Agua de Horchata: Origin and Recipe

Is Horchata a Mexican drink? Agua de horchata is one of Mexicans’ favorite drinks, growing in popularity more and more among other countries; here, we tell you what it’s made of and its origin. 

Aguas frescas, or naturally flavored waters, are a refreshing delight in the heat for all Mexicans, especially with summer hitting us so strongly. They not only quench your thirst but also leave a delicious sweetness in your mouth. Among the favorites are jamaica, tamarind, lemon, chia, and, of course, horchata, one of the most popular drinks in Mexico that you can find in almost any ice cream shop, diner, or taquería in the country.

 

Most people have tried horchata, known for its sweet, milky flavor and light texture, making it the ideal companion for a stew or tacos. However, few know the origin of this drink. Is this a drink of Mexican origin?

In previous blogs, we shared the history and some recipes for agua de jamaica, or Hibiscus, a traditional flower used in agua fresca within Mexican cuisine. Now, it’s time to delve into the origin of horchata and give you a delicious homemade recipe to encourage you to prepare this sweet and refreshing drink at home, too. Join us in this blog where we tell you what it’s made of and how to prepare this delicious ingredient’s agua fresca!

The Origin of Horchata

Although this drink is widely known in Mexico, so much so that many think it originated there, horchata actually comes from the Mediterranean. Its origin is attributed to Alboraya, a municipality in Valencia, Spain, where it’s made using tubers known as chufas (or tiger nuts), which are knot-shaped and come from a plant called cyperus esculentus.

Chufa cultivation dates back to the Egyptian civilization, as remnants of this food were found in the sarcophagi of early dynasties, according to the Consejo Regulador de la Denominación de Origen Chufa de Valencia. In the 7th century, Islamic communities moved to the Iberian Peninsula and spread the cultivation of this tuber across present-day Valencian territory. Its beneficial effects on respiratory diseases and stomach ailments popularized its consumption as chufa milk.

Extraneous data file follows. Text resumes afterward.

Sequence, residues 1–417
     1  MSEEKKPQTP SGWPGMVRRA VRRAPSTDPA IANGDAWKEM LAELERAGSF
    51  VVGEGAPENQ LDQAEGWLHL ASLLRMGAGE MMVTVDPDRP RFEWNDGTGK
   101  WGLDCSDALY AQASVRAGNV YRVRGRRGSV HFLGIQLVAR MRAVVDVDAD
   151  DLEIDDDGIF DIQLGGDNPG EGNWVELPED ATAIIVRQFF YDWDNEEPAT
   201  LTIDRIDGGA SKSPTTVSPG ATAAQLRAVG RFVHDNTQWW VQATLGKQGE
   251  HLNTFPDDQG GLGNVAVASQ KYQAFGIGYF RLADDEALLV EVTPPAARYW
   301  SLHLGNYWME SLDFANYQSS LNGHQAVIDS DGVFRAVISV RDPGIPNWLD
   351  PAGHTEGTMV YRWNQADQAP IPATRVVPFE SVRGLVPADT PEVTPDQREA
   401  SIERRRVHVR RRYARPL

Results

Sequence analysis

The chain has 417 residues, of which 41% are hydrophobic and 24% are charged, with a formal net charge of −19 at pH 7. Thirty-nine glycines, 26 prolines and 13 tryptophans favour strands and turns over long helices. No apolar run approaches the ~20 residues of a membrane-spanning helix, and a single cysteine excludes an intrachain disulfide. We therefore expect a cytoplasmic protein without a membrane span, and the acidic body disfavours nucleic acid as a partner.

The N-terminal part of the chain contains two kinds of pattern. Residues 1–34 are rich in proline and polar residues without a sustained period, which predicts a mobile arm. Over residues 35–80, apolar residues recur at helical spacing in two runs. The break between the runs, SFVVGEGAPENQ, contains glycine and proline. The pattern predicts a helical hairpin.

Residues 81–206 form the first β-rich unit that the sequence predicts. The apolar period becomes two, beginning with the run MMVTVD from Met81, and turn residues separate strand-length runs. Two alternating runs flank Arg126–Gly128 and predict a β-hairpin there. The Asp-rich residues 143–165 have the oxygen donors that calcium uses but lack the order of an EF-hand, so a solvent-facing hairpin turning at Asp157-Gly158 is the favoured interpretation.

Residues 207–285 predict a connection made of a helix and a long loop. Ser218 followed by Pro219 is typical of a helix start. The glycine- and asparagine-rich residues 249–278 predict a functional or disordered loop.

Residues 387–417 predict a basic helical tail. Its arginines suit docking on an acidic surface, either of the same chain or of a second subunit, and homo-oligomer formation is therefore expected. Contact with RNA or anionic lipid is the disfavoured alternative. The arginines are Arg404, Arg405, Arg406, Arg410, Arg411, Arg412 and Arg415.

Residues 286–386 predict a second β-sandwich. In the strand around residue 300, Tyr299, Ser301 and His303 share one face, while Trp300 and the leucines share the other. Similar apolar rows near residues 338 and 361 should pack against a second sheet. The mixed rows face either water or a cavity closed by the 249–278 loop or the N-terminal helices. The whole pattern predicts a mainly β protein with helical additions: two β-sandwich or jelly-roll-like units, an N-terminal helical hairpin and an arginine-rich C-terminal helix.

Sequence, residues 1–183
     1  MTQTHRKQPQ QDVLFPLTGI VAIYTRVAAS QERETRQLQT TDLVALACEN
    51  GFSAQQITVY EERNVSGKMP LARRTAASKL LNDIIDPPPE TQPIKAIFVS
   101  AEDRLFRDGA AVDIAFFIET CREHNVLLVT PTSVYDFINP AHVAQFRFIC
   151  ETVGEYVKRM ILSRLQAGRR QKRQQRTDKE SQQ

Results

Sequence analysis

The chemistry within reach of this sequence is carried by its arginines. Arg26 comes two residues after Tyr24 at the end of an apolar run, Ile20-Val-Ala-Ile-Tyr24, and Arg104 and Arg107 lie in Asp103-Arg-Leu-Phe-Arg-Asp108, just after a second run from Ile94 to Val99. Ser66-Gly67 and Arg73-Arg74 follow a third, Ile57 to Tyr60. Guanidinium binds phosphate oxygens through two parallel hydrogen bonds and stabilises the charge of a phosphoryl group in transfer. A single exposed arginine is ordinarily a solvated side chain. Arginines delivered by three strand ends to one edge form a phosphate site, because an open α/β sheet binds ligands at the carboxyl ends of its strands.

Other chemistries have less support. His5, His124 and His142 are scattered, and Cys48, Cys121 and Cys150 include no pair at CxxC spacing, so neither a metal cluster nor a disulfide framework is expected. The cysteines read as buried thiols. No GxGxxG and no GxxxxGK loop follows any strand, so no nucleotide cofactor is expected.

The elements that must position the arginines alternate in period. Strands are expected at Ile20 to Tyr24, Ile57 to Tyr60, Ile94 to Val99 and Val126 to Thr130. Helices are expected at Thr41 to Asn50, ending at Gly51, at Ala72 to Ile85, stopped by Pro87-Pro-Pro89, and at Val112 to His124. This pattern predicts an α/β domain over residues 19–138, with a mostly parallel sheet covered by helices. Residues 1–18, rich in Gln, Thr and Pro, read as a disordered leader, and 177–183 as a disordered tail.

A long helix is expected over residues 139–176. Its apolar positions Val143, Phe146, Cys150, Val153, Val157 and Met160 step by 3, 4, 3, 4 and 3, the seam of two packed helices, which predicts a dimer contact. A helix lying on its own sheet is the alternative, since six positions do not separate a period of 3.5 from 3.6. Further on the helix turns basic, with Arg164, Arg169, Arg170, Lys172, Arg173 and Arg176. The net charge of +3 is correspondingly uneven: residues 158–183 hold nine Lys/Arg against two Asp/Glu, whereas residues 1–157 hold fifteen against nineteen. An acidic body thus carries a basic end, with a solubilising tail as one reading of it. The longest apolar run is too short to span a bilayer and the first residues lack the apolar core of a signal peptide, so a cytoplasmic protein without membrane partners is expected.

Regarding the term "horchata," popular belief says that a villager offered this drink to King James I of Aragon, who, upon tasting it, was enchanted by its flavor. When asked what the drink was, the girl replied it was “chufa milk” (llet de xufa in Valencian), to which the king responded, “This isn’t milk, this is gold, pretty girl!” (“¡Aixo no es llet, aixo es or xata!”). This phrase, "or xata," pronounced “horchata” spread throughout Spain to refer to the leche de chufa, chufa milk, drink.

However, the first historical record of this word comes from a recipe featuring almonds and melon seeds, ingredients later replaced by chufas due to their affordability, as noted by the specialized blog Historia Cocina. Traditional preparation of leche de chufa involves grinding chufas, adding water or milk, sugar, and lemon; and some even add a pinch of cinnamon.

But then, what about Mexico?...

Horchata arrived in Mexico with the Spanish. During the Spanish arrival in America, horchata de chufa made its way to Mexico and laid the foundation for the drink we know today.